Saddle Crest Development in Trabuco Canyon Overturned!
Hell YES! Just last Friday, Orange County Superior Court Judge Steven L. Perk ruled in favor of 2,000 petitioners and activists to reject the Saddle Crest housing development in Trabuco Canyon. The development would have bulldozed over 150 old oak trees and figuratively raped the beautiful and unadulterated landscape just northwest of Cook's Corner.
Kenneth M. Ruggiano Yeah, tract homes are so much sexier...
In place of the rolling hillside would have been a new, 65-unit McMansion neighborhood, because we really don't have enough of those already. Presumably, the project wouldn't have come this far had Orange County Supervisors followed the Foothill-Trabuco Specific plan that the county adopted in 1991. The plan was designed to protect the canyon lands from the mass grading of hillsides and from being stripped of their historic oaks, but Supervisor Bill Campbell (who oversees the area) and others took it more as advice than a rule. Last October the Supervisors made a unanimous decision to approve Saddle Crest, citing that the environmental impacts would be minimal, if not insignificant.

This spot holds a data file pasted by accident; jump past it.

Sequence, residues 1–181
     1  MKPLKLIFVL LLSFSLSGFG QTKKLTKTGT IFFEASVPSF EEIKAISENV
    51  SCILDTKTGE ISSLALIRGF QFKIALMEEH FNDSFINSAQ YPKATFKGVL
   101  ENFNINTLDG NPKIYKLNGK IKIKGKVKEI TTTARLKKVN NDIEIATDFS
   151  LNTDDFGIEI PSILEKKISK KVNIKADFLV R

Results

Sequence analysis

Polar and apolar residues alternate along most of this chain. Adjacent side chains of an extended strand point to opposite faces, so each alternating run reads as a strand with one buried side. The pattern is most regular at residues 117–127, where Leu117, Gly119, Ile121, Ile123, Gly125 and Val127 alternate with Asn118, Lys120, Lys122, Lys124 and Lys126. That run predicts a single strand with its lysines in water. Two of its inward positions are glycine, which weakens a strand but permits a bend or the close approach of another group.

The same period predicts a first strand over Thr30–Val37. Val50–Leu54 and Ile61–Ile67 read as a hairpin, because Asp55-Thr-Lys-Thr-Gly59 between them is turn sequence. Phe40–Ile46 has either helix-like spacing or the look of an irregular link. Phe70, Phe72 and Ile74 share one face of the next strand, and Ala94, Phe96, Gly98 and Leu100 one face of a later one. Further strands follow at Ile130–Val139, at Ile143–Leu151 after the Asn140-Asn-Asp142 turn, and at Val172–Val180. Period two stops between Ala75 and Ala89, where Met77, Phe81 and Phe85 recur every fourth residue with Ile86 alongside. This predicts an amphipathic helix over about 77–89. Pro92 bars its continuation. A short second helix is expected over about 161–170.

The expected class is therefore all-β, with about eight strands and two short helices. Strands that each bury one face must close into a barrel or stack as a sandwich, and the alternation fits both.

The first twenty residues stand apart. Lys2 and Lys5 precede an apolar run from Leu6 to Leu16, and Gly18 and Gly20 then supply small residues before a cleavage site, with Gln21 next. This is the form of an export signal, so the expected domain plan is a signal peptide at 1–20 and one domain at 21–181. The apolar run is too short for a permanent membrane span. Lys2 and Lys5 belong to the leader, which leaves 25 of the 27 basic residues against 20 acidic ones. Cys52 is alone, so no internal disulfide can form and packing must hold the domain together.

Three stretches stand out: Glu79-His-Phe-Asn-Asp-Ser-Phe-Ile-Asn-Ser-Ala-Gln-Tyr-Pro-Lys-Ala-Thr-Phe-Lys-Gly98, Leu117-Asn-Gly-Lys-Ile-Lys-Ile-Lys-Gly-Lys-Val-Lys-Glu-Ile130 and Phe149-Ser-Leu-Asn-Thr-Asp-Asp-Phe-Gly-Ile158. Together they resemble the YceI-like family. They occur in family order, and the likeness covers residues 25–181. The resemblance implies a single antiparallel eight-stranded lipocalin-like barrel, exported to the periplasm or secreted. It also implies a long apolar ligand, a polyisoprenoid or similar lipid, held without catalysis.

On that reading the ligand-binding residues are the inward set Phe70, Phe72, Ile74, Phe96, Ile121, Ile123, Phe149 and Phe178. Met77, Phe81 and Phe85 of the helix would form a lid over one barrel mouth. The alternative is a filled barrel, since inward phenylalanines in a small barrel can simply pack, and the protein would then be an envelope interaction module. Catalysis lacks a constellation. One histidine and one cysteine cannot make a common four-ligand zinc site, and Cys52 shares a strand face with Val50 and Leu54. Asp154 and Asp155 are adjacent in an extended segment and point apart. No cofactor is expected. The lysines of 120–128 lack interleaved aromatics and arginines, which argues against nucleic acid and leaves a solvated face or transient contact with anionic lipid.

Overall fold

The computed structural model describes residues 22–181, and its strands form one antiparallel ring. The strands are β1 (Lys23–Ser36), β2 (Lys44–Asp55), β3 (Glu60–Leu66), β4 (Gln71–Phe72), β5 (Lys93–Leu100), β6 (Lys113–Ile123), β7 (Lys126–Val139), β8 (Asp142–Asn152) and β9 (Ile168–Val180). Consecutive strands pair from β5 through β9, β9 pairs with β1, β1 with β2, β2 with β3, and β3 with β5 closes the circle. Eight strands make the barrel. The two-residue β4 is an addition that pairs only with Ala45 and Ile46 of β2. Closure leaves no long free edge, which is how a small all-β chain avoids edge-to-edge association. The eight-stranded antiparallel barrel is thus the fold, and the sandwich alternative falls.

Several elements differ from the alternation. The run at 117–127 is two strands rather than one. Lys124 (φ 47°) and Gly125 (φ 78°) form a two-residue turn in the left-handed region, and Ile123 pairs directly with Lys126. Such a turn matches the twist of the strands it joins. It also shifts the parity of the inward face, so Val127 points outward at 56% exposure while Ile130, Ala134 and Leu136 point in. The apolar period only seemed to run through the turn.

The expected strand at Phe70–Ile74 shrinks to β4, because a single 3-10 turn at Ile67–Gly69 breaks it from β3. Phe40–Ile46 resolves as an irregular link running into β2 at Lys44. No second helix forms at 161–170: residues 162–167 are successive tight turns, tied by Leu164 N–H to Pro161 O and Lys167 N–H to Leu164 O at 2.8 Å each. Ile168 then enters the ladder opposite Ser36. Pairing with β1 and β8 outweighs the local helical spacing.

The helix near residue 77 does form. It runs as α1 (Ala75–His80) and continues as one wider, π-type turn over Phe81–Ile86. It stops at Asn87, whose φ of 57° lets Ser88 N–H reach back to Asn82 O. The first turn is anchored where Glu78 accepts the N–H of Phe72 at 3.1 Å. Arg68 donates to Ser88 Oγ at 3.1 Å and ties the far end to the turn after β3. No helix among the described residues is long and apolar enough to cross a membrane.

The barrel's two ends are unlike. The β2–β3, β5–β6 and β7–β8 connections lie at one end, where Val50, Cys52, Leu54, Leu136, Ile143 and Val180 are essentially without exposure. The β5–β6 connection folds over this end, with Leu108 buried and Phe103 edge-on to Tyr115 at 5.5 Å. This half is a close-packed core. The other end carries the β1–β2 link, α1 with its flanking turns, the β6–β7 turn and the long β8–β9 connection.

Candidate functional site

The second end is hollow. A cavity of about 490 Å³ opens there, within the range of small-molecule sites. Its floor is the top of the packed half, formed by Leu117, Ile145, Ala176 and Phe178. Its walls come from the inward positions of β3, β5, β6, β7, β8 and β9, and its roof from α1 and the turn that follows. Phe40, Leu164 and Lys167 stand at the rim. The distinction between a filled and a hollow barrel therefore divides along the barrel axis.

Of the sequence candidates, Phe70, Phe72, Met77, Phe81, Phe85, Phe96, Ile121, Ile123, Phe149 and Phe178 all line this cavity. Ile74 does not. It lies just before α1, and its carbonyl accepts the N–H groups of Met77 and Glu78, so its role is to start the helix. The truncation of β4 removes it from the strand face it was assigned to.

Supervisors also amended the Orange County General Plan during the same time. The plan placed restrictions on developments that would impact traffic flow, but they said that the new neighborhood would have little bearing on the movement of the two-lane highway.
Oddly enough, Rutter Santiago LP, the company hoping to build Saddle Crest, was a campaign contributor to all five of the Orange County Supervisors, and the rules against development were changed solely for this project. Many canyon residents immediately jumped to action after hearing about the plan and began petitioning and speaking out against it. This kind of aggressive effort to save the area around their homes got them labeled Nimbys by media folks like Rick Reiff and other supporters of the plan, but they purport that saving the canyon should be a priority for anyone living in Orange County. Even if you don't reside within the hills, you can access it for hiking, biking, and picnicking without running into too many people or dealing with a ton of traffic.
Thankfully, Judge Perk saw the potential hazard of the development and how amending the plans now could now make it easier to develop more in the future. This is all after Rutter was rejected by an appellate court for their first housing-tract of 162 units in 2003.
At this point, we can expect Rutter to continue fighting for their development. And even if it is rejected again, they'll most likely come back with a new plan. If you would like to support the effort to save the canyon follow Save Santiago Canyon on Facebook or visit canyonland.org.